SEASON 1 | EPISODE 8
Hello and welcome to Brazilian English Podcast, I’m your host and teacher Derek Noble and in this podcast we talk about Brazilian culture and entertainment to help Brazilian students of English reach fluency in English and to spread our values and beliefs worldwide. Every episode is full of rich vocabulary for all levels of English also full of content related to a universe that, as we know, is enormous and interesting: I’m talking about Brazilian culture.
Yo, guys, what’s up? How are you today? I hope you are good and I hope you like today’s topic, ‘cause personally it is one of my favorites.
Today, we’re gonna talk about Brazilian Literature, its origins and themes, its old and contemporary authors. Of course, I don’t intend to give you a comprehensive account1 of how stories were and are told in Brazil, rather, this is a selection or a guide to what I consider essential for a Brazilian or a foreigner to know about our literary production. I hope you like it. By the way, do you like to read books? What are your favorite authors? What is your favourite genre? Fiction or non-Fiction? Drama or Fantasy? Well, there are several genres to know and all of them have their peculiarities.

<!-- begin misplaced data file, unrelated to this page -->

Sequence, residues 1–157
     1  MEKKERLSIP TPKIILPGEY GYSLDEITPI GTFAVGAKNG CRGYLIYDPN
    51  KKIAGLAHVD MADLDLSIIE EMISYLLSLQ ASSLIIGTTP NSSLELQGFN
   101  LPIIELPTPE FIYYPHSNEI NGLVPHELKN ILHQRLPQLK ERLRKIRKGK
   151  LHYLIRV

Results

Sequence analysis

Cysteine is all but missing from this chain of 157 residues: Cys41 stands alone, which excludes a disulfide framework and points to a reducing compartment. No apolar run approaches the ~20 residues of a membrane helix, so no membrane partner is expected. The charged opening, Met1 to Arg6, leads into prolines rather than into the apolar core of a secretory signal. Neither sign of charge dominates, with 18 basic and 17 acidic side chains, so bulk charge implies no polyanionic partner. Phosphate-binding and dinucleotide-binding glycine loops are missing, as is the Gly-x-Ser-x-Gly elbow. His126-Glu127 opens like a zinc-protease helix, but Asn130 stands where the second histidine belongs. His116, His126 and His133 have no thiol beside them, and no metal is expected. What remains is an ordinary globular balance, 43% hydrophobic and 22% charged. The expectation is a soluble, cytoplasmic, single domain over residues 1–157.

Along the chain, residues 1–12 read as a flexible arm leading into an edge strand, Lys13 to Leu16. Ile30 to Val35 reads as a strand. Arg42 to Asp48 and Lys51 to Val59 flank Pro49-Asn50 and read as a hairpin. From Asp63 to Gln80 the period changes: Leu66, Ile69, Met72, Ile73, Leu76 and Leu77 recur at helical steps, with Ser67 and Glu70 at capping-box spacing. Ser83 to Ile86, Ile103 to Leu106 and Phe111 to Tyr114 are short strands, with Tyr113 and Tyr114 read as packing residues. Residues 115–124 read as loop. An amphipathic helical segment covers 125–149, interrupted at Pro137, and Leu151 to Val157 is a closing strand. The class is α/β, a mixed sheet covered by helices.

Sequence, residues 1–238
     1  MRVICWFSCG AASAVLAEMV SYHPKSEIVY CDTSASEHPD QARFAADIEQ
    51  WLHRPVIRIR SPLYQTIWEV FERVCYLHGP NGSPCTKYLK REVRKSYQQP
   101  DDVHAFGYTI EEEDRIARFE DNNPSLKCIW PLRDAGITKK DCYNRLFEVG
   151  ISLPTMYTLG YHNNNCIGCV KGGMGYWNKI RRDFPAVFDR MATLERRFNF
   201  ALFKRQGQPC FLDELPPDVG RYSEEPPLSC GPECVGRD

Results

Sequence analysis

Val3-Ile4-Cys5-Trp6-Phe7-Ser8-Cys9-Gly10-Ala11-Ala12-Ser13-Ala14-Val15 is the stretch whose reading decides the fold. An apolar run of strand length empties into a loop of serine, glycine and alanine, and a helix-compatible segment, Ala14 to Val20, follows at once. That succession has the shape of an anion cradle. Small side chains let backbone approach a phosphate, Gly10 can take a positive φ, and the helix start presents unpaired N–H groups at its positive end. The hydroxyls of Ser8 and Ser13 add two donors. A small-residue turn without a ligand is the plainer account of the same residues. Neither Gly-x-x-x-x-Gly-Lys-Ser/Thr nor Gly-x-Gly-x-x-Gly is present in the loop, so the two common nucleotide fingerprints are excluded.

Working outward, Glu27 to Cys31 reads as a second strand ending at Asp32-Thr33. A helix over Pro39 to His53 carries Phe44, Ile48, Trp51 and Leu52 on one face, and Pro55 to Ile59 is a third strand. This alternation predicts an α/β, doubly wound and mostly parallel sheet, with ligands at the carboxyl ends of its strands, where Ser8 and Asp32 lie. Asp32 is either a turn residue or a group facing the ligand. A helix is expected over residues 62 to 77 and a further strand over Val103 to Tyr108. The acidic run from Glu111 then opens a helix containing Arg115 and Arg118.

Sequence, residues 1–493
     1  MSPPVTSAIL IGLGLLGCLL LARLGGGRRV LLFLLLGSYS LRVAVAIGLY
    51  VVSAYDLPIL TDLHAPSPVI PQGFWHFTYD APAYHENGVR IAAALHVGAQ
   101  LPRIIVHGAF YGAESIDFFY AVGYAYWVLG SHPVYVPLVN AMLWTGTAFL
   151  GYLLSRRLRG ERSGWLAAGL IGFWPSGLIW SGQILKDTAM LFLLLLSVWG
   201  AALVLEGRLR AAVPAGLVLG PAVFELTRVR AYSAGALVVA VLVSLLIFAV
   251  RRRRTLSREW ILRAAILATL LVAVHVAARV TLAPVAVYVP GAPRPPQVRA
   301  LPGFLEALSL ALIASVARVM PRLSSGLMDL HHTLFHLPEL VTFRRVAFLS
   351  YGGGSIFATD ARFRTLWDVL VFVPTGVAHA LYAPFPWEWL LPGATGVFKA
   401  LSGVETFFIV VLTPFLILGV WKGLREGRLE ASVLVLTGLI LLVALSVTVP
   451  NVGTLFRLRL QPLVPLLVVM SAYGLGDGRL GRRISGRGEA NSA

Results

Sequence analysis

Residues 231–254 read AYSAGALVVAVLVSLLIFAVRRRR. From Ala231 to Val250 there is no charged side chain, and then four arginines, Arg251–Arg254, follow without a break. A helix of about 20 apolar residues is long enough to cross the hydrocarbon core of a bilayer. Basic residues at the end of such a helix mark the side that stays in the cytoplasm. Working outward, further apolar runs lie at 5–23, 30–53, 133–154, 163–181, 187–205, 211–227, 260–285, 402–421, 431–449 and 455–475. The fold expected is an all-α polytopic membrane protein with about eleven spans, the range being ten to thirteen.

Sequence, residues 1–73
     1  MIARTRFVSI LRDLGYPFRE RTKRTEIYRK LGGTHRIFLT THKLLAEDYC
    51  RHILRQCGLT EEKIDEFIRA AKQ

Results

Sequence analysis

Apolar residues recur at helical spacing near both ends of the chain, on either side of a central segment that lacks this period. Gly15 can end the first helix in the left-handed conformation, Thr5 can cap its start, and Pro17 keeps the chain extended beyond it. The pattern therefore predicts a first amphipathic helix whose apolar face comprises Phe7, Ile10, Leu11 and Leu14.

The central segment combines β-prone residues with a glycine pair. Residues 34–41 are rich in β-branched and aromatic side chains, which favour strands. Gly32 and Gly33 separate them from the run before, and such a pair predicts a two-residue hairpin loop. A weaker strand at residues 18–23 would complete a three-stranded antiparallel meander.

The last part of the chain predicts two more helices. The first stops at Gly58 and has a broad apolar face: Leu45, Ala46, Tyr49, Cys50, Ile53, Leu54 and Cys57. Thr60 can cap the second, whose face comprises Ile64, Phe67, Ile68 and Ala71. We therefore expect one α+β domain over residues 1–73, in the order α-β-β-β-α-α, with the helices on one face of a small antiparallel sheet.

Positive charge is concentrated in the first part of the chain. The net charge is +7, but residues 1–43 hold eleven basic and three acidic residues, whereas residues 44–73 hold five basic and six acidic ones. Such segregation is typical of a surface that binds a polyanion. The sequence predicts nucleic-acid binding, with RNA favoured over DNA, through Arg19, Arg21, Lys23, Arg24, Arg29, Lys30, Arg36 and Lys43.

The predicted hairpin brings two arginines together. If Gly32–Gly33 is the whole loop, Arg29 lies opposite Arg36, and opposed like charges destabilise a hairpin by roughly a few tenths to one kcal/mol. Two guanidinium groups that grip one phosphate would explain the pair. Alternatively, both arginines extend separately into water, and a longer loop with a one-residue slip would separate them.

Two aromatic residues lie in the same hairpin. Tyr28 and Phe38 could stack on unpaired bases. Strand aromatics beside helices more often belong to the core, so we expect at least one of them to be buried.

But, back to Brazil, we start our journey2 through our Literature with the first account of a literary work written in our territory. I am talking about the “Carta de Pero Vaz de Caminha” or “Carta a el-Rei Dom Manoel sobre o achamento do Brasil”, published in 1817. This description of the land, the natives and their behaviour is considered the first piece of literature ever written in Brazil and it’s pivotal3 to our historical self understanding. Have you ever read it? It’s short and fun to read with delightful4 parts where Caminha seems appalled5 by the fact that the natives walk naked naturally without being ashamed. It’s definitely worth your while.